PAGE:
About the PSI
The Protein Structure Initiative (PSI, http://www.nigms.nih.gov/Initiatives/PSI/), which is supported by the National Institutes of Health, is a federal, university and industry effort aimed at dramatically reducing the costs and lessening the time it takes to determine a three-dimensional protein structure. The long-range goal of the PSI is to make the three-dimensional atomic-level structures of most proteins easily obtainable from knowledge of their corresponding DNA sequences. The PSI strives to gain biological insights from new structures and to help the broad biomedical research community make use of PSI research findings.

About OpenHelix
OpenHelix, LLC, (www.openhelix.com) provides a bioinformatics and genomics search and training portal, giving researchers one place to find and learn how to use resources and databases on the web. The OpenHelix Search portal searches hundreds of resources, tutorial suites and other material to direct researchers to the most relevant resources and OpenHelix training materials for their needs. Researchers and institutions can save time, budget and staff resources by leveraging a subscription to nearly 100 online tutorial suites available through the portal. More efficient use of the most relevant resources means quicker and more effective research.

New and Updated Online Tutorials for GoMiner and XplorMed

Comprehensive tutorials on the publicly available GoMiner and XplorMed databases enable researchers to quickly and effectively use these invaluable resources

Seattle, WA (PRWEB) February 16, 2010 — OpenHelix today announced the availability of a new tutorial on GoMiner, and an updated tutorial suite on XplorMed.

GoMiner is a set of publicly available tools that can enable you to ascribe biological significance to large lists of genes by annotating them with their corresponding Gene Ontology, or GO, categories. XplorMed is a public web-based tool which allows you to access a text-mining algorithm that can improve upon standard PubMed searches by mining abstracts for word frequencies and combinations. These two tutorials, in conjunction with OpenHelix tutorials on PubMatrix, STRING. Gene Ontology and Textpresso, give you a set of training resources help you be efficient and effective at text and literature mining.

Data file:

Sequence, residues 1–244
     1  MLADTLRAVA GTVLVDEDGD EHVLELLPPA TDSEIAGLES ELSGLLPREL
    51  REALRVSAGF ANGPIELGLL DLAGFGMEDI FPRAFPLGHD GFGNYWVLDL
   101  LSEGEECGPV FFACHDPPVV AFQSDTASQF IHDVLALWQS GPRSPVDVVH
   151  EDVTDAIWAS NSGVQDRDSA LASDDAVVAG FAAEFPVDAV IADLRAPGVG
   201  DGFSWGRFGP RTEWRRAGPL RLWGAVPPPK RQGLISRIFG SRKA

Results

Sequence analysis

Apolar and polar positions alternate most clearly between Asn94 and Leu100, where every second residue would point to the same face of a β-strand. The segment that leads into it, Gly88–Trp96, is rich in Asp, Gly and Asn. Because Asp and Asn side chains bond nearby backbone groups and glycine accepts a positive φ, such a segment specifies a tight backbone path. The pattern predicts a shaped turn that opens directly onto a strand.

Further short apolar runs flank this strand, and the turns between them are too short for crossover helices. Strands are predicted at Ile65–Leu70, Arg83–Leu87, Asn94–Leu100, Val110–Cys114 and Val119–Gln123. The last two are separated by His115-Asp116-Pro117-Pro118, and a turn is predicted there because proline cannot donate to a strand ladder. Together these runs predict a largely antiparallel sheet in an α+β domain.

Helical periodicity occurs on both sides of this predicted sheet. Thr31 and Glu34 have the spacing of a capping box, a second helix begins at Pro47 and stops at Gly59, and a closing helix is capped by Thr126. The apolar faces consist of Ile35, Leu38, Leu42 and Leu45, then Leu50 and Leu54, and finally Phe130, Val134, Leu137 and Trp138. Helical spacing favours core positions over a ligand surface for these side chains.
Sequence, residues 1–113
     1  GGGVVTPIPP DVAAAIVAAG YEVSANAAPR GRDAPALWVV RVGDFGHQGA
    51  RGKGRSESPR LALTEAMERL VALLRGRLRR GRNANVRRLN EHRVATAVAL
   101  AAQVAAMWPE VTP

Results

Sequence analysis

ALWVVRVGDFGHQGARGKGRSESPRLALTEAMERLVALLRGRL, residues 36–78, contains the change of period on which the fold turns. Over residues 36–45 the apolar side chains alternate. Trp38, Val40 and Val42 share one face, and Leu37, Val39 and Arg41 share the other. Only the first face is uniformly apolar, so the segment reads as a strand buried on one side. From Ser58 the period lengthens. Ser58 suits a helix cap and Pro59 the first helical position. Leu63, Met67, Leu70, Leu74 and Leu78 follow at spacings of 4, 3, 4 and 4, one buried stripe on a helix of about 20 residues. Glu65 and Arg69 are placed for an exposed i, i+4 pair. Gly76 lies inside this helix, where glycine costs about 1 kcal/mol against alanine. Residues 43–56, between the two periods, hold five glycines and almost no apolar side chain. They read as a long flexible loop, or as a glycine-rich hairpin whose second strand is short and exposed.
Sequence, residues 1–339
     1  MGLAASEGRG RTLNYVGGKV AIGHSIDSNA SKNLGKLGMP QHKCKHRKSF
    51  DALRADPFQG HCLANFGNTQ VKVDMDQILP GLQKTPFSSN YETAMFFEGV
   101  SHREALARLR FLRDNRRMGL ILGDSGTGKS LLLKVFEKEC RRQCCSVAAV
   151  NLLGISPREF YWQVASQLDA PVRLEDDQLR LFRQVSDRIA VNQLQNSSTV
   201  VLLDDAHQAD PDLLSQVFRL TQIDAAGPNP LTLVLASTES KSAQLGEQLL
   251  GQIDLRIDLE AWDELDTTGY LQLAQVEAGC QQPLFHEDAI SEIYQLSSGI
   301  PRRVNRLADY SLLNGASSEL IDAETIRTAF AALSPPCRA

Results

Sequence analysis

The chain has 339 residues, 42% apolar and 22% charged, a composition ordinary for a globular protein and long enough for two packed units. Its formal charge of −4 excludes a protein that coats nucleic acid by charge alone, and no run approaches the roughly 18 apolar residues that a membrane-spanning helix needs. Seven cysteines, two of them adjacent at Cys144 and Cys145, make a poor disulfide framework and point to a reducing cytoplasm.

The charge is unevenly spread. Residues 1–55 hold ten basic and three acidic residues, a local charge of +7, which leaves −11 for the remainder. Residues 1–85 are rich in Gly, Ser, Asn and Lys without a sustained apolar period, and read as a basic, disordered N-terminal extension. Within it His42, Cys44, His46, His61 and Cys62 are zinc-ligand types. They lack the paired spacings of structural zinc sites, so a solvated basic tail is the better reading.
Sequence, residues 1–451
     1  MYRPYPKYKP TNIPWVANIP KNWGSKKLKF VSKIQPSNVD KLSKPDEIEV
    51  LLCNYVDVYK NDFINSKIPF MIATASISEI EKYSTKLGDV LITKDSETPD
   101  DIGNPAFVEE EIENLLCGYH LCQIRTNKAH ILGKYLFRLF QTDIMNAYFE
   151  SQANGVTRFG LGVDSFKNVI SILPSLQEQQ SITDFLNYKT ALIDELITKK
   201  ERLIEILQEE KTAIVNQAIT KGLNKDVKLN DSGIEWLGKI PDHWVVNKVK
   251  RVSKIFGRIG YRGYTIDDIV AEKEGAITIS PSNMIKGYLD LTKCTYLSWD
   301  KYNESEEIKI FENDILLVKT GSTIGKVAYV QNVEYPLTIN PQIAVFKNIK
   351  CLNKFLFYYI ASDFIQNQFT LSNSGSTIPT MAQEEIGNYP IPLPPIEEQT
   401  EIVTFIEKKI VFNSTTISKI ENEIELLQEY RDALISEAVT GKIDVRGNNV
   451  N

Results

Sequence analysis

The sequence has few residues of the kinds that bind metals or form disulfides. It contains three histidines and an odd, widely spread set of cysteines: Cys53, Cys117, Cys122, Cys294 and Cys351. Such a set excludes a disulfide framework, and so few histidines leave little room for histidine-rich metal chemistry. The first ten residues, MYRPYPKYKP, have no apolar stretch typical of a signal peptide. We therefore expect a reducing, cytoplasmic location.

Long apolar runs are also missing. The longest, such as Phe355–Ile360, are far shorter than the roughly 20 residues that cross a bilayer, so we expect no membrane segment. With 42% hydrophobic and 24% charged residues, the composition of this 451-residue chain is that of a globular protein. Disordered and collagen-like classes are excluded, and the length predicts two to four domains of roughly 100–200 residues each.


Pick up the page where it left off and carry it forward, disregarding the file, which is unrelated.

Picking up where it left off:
With these tutorials, researchers can quickly learn to effectively and efficiently use GoMiner and XplorMed.

The tutorial suites, available through an annual OpenHelix subscription, contain an online, narrated, multimedia tutorial, which runs in just about any browser connected to the web, along with slides with full script, handouts and exercises. With the tutorials, researchers can quickly learn to effectively and efficiently use these resources. The scripts, handouts and other materials can also be used as a reference or for training others.

These tutorials will teach users:

GoMiner

*to use both the downloadable GUI and web-based High-Throughput GoMiner tools
*to understand and manipulate your GO annotated data
*to construct beautiful visuals to display and present your results clearly

XplorMed

*how to extract fascinating relationships among PubMed abstracts
*to use stored sets of abstracts to discover new information
*to start with identifiers of interest and collect relevant abstracts for further examination
To find out more about these and over 85 other tutorial suites visit the OpenHelix Catalog and OpenHelix. Or visit the OpenHelix Blog for up-to-date information on genomics and genomics resources.

About OpenHelix
OpenHelix, LLC, (www.openhelix.com) provides a bioinformatics and genomics search and training portal, giving researchers one place to find and learn how to use resources and databases on the web. The OpenHelix Search portal searches hundreds of resources, tutorial suites and other material to direct researchers to the most relevant resources and OpenHelix training materials for their needs. Researchers and institutions can save time, budget and staff resources by leveraging a subscription to nearly 100 online tutorial suites available through the portal. More efficient use of the most relevant resources means quicker and more effective research.